The 10 most viewed artworks on Artscapy feature iconic twentieth-century painters, such as Pablo Picasso and Joan Miró alongside contemporary artists including Damien Hirst, Du Jingze and Ioana Maria Sisea....
The 10 most viewed artworks on Artscapy feature iconic twentieth-century painters, such as Pablo Picasso and Joan Miró alongside contemporary artists including Damien Hirst, Du Jingze and Ioana Maria Sisea.
Picasso’s “Plate 6” (1968) arises from the world of Fernand Crommelynck’s play about a man whose uncontrolled jealousy leads him to lose his beloved wife. Picasso executed the series of 12 etchings in collaboration with the Belgian writer’s sons, pushing the etching medium in the direction of sombre qualities. The artist’s approach to the universe of Crommelynck’s play captures the gloom of the story while lending itself to mythological tropes. In some etchings of the “Le Cocu Magnifique“ series, Minotaur appears as the embodiment of the jealous husband, speaking to the complexity of confronting our primal fears.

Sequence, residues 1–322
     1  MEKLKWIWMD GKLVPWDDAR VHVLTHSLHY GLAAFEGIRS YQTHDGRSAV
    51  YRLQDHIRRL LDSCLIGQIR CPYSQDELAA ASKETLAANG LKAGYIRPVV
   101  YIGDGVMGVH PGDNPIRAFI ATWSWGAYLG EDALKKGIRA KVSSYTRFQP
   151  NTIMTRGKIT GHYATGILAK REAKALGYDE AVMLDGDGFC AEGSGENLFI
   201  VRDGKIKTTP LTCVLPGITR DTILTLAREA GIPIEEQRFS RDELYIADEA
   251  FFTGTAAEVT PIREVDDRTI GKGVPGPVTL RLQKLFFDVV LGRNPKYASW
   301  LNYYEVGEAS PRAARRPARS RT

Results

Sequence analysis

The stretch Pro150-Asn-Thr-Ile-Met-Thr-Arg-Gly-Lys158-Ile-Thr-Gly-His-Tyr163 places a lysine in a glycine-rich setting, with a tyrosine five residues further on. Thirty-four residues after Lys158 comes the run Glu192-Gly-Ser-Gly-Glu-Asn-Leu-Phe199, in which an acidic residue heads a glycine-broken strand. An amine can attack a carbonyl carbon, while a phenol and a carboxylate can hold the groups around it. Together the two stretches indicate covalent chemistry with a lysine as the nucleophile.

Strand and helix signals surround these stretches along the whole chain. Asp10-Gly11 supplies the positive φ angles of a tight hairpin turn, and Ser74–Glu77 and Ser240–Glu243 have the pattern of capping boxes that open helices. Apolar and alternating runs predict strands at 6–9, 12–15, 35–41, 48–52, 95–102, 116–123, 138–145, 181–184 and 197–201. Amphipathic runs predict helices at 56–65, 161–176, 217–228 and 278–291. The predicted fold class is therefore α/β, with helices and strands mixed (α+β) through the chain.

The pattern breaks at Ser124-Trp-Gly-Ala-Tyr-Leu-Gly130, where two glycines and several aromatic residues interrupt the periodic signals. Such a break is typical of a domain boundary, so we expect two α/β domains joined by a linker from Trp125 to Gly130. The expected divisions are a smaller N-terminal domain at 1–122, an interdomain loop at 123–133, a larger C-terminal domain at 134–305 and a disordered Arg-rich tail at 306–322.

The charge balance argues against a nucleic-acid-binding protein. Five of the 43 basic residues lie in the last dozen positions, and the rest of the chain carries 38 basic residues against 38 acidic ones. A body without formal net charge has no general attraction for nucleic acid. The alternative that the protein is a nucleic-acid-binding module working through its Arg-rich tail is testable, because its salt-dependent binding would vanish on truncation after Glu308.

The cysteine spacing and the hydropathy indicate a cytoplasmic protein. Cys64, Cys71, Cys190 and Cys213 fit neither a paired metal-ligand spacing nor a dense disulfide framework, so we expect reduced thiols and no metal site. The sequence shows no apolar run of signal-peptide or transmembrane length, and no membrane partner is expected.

Damien Hirst's “Politeness - Cherry Blossom” belongs to “H9 The Virtues”, a series that celebrates the natural world of his Devonshire childhood, elevating cherry trees to the symbols and carriers of Samurai virtues: justice, courage, mercy, politeness, honesty, honour, loyalty, and control.
Born in Yantai, China in 1995, Jingze Du is a UK-based artist who has turned an experimental way of looking at human faces and bodies into a hallmark of his paintings. Having earned his BFA from the National College of Art and Design and an MA from Royal College of Art, Jingze set out on a project to create a visual language through which he could narrate the essential qualities of our culture: its fluidity, technology and commodification that put us at distance. "Ali Western" features a deconstructed image of Muhammad Ali combining dark tones with qualities of distortion. Hidden behind a rectangular block, Ali’s face is mysteriously absent. With such a visual choice as a focal point of the image, the outsized muscular body alone communicates a gap between visible surfaces – bodies, commodities, objects – and the depths that make us human.